If you or someone you love suffers from peripheral neuropathy, you know how devastating this condition can be. You probably are also aware of the immense life changes a diagnosis of peripheral neuropathy can bring.

But the good news is, as you read on these pages repeatedly there is a whole lot you can learn to better deal with your peripheral neuropathy.

This is where having a written neuropathy treatment plan goes along way. In fact you could apply this to almost any illness.

Here’s what to do next:

First of all take out a large piece of paper, or even on mobile phone. Actually, in this stage I am a huge fan of mobile notes sync across all devices.

On your neuropathy treatment plan should first be all your known risk factors. This would include things like cigarette smoking, excess alcohol consumption, inactivity, and perhaps diabetes. Maybe there are other known factors, such as consumption of medications known to produce peripheral neuropathy.

Once you have your list, then you need to divide it into things that you can change. The very next thing you need to do is to prioritize your neuropathy treatment plan. For example what is having the biggest impact on your health?

This is the very first thing, although perhaps the most difficult that you need to do first.

By first developing a neuropathy treatment plan and then using your own willpower and discipline, along with the help from your family and healthcare professionals, you can do a whole lot to help yourself feel better and function better!

And this really is the entire premise of the Beating Neuropathy family. We are here to help and support you!

What we do know however is those who use written neuropathy treatment plans and not only work off them but share them with their neuropathy treatment specialists have a far better chance at not only feeling better, but regaining significant quality of life.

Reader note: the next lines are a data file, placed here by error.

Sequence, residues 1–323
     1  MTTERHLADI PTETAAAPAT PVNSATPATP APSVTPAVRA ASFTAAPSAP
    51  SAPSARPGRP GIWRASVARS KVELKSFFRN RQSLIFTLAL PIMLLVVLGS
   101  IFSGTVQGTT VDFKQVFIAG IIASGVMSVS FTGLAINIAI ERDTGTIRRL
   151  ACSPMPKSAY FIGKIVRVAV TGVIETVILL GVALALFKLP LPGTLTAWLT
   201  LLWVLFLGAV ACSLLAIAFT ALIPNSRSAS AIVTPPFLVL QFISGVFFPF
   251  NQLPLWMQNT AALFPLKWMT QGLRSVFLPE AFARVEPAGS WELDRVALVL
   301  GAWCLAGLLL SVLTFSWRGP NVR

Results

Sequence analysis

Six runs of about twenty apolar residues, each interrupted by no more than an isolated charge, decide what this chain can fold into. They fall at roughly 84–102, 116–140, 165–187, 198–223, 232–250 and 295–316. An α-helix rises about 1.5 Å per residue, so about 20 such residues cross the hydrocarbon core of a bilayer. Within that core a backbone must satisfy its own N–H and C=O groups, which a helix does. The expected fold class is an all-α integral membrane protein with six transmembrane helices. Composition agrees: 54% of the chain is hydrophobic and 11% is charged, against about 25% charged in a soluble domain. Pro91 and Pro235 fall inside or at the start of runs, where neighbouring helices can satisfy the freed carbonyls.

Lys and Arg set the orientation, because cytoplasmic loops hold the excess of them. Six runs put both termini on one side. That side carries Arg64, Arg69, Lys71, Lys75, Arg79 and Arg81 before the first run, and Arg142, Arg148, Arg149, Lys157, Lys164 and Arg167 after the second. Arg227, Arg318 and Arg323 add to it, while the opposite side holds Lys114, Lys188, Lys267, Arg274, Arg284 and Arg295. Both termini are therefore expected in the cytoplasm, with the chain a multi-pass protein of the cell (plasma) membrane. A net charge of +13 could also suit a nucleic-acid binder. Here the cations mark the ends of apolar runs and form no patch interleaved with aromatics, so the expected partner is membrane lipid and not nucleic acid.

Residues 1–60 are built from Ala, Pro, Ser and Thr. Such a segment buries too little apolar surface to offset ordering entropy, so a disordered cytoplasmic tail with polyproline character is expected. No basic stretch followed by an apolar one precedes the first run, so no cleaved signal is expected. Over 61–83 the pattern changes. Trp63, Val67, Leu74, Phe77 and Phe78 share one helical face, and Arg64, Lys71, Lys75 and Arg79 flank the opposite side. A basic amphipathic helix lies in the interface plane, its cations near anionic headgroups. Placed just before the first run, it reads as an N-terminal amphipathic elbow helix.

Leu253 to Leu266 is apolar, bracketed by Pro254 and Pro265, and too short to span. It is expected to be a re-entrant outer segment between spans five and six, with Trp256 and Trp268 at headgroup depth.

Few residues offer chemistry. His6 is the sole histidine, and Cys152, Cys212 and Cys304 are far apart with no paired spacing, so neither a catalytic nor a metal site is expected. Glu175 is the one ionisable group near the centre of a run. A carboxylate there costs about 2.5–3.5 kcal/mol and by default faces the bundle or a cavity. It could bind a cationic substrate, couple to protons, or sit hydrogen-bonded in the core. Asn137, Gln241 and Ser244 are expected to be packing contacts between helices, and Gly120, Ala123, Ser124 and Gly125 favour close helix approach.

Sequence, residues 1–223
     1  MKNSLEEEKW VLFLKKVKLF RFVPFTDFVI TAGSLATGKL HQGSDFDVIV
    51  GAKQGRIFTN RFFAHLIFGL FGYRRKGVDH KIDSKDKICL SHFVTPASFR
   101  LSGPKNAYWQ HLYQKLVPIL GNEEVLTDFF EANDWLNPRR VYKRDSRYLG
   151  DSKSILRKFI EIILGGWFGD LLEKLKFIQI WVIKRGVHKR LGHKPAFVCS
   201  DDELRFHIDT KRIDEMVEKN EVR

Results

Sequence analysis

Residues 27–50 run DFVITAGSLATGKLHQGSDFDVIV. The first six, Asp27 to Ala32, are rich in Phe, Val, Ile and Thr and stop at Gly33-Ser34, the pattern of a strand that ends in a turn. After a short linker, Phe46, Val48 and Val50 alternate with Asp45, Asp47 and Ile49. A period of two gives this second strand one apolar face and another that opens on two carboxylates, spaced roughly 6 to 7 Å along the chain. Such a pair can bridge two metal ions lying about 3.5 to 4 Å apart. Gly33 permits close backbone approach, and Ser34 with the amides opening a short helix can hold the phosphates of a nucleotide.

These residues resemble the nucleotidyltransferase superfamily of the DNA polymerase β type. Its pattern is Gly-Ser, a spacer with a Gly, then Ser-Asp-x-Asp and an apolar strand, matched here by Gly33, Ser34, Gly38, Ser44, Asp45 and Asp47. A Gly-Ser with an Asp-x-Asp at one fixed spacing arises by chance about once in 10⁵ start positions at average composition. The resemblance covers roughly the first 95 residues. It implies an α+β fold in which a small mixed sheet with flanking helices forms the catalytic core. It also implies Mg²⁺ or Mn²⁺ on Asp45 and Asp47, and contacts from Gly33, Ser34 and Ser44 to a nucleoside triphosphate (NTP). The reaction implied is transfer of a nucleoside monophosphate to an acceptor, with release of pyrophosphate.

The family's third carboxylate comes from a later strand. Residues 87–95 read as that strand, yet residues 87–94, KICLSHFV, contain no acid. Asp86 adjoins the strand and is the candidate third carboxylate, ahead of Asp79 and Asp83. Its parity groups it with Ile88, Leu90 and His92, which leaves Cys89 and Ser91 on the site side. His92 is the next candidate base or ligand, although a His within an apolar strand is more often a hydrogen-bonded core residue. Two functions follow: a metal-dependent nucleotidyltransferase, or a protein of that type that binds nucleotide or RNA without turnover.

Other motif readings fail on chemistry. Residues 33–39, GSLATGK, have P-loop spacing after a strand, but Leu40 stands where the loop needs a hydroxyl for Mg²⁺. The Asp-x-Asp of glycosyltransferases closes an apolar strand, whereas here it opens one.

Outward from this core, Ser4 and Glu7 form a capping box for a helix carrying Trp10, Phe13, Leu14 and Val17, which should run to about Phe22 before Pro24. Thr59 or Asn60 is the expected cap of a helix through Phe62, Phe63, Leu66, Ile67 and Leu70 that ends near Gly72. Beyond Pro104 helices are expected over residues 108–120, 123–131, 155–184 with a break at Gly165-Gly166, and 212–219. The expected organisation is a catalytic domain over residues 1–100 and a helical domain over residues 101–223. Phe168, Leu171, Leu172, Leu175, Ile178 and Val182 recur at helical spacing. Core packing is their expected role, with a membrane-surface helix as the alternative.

To that end, we are here to support you!

Join our conversation today on Facebook by clicking HERE!

Vitamin A Neuropathy & Health

Vitamin A Is a Key Neuropathy and Health Nutrient

Vitamin AThis key nutrient is responsible in a large part for healthy skin and epithelial cells. Those little guys are the cells, which line our mouth, GI tract and even our lungs.

This is why you now see so many skin lotions and topical drugs with Vitamin A derivatives.

Vitamin A is also needed if or a normal healthy immune system. In fact, during times of infection, I’ll suggest patients take some very large amounts but just for a few days. There are however two serious CAUTIONS! If you are pregnant or of childbearing age you need to know excess Vitamin A is teratogenic, meaning it can cause birth defects. This is why we advise young women take natal only formulas for at least 6 months before conception. These formulas also contain extra Folic acid, which helps prevent birth defects.

The next caution is that excess Vitamin A can be TOXIC If you consume too much and possibly in liver disease. Vitamin A Is one of the fat soluble vitamins, so it hangs around in our bodies a good bit longer than things like most B vitamins. So please work with your own health professionals on dosages for you.

Deficiencies in this key nutrient are more likely in malabsorbtion syndromes and bowel diseases. If you are following the NeuropathDR Diet Plan you should be in good shape, as long as you are consuming lots of leafy green and brightly colored vegetables.

Unfortunately, it’s only beta-carotene not the other caratenoids which have significant pro-vitamin A value. So veggies like carrots are particularly good for this reason.
Retinol is the most active form and is found in meats. This largely depends upon how healthy the animals are we consume.

Because Vitamin A is so critical to immune function it has roles in prevention of infection and probably many cancers as well.